As I said: sounds very fishy.

    The difference here is that Snoofle writes stuff that people read and take note of, and remember his alias (there are others: C-Octothorpe and Frits come to mind, but come to think of it haven't seen them around for some time, oh and Blakeyrat whom I'd eject from the interview seat so fast he'd break the fucking sound barrier). Nobody knows who the fuck "warlaan" is.

  • stew (unregistered) in reply to ObiWayneKenobi

    Wait, so you're bothered that snoofle had an averse, "can't put my finger on it" instinctual reaction to the situation and declined the job, but see nothing wrong with the manager saying, "Actually, I'd hire this other person who I've never met and only know through anonymous internet posts over you even though you're obviously qualified, but since you're here and all...."

    And did you miss the part of the article where snoofle's instincts proved correct?

  • Paddles (cs)

    I think the advice about trusting your instincts is good (assuming you have built up some instincts, of course)... the times when I haven't trusted them have been, err, educational.

    That said, Snoofle's WTF of logging in as snoofle disturbed me on a couple of levels - the one not mentioned so far is the idea that Snoofle actually knows his password for TDWTF. Where's the password manager? (No, I wouldn't expect to see it in the story, but I would have expected it by now in the comments.)

  • yeah (unregistered)

    Regardless of whether snoofle overreacted at first, the fact that the hiring manager threatened to out him was the moment he was proved correct in his reaction.

    Let's pretend for a moment that the gambit worked. Exactly what kind of working relationship would this guy actually have with snoofle? He just tried to blackmail the guy! Who else is in that office under similar threat? What is it going to be like working with a person who demonstrates both a lack of ethics and a propensity to bully and use threats to get what he wants?

    Yeah, a wtf was snoofle outing himself, but Trwtf really is the scumbag hiring manager.

  • snoofle (cs) in reply to Paddles
    Paddles:
    ...Where's the password manager?...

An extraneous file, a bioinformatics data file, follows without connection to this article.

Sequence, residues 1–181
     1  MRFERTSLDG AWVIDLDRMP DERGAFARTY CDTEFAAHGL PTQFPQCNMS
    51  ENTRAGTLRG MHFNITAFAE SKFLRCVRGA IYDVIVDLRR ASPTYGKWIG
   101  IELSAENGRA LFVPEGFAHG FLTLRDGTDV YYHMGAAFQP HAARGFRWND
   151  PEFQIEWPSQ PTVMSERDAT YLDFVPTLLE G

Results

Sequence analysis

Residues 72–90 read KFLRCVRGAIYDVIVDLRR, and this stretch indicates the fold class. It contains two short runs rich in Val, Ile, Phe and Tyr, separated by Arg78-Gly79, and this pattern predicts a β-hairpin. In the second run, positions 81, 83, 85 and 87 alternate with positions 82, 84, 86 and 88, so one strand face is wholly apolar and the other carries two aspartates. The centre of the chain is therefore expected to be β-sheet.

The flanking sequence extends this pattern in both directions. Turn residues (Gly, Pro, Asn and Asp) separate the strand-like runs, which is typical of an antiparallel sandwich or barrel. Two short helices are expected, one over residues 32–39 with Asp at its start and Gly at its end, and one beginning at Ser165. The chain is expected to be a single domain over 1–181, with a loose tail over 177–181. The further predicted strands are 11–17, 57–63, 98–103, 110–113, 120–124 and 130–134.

Just curious: why is not using a password manager a wtf? (I don't happen to use one at all; I use various formulas (that mean something to me) to construct a password - at work they're lame and very easy to type; for bank accounts they're fairly secure). If it matters, there have been a few attempts to hack my (personal) stuff over the years, but none were successful.
  • C-Derb (unregistered) in reply to Matt Westwood
    Matt Westwood:
    warlaan:
    I am a programmer and I frequently read TDWTF, but I never even looked at the pseudonym of the author.

    The difference here is that Snoofle writes stuff that people read and take note of, and remember his alias (there are others: C-Octothorpe and Frits come to mind, but come to think of it haven't seen them around for some time, oh and Blakeyrat whom I'd eject from the interview seat so fast he'd break the fucking sound barrier). Nobody knows who the fuck "warlaan" is.

    The only pseudonym I consistently recognize is Matt Westwood. When I see a string of F-words, I know whose comment I'm reading.

  • ForFoxSake (unregistered)

    Just when I thought the stories couldn't get any more fabricated. An lonely egocentric troll plays the pathetic card.

  • VeeTwo (unregistered)

    "manager's willingness to blindly hire an unknown entity"

    Isn't this an inherent risk of a growing company? Sooner or later you are going to have to hire someone you don't know. Even a friend of a friend has an element of 'unknown entity' in them. Sounds to me like snoofle was already through most of the interview by the time this question hit. I'm not sure you could do much to reduce the 'blindly hire' factor at this point.